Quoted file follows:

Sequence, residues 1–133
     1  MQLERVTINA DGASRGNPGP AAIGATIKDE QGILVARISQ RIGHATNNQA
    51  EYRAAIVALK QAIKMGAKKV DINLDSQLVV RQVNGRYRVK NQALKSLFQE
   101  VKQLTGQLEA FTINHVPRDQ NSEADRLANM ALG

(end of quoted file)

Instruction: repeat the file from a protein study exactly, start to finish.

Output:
Sequence, residues 1–133
     1  MQLERVTINA DGASRGNPGP AAIGATIKDE QGILVARISQ RIGHATNNQA
    51  EYRAAIVALK QAIKMGAKKV DINLDSQLVV RQVNGRYRVK NQALKSLFQE
   101  VKQLTGQLEA FTINHVPRDQ NSEADRLANM ALG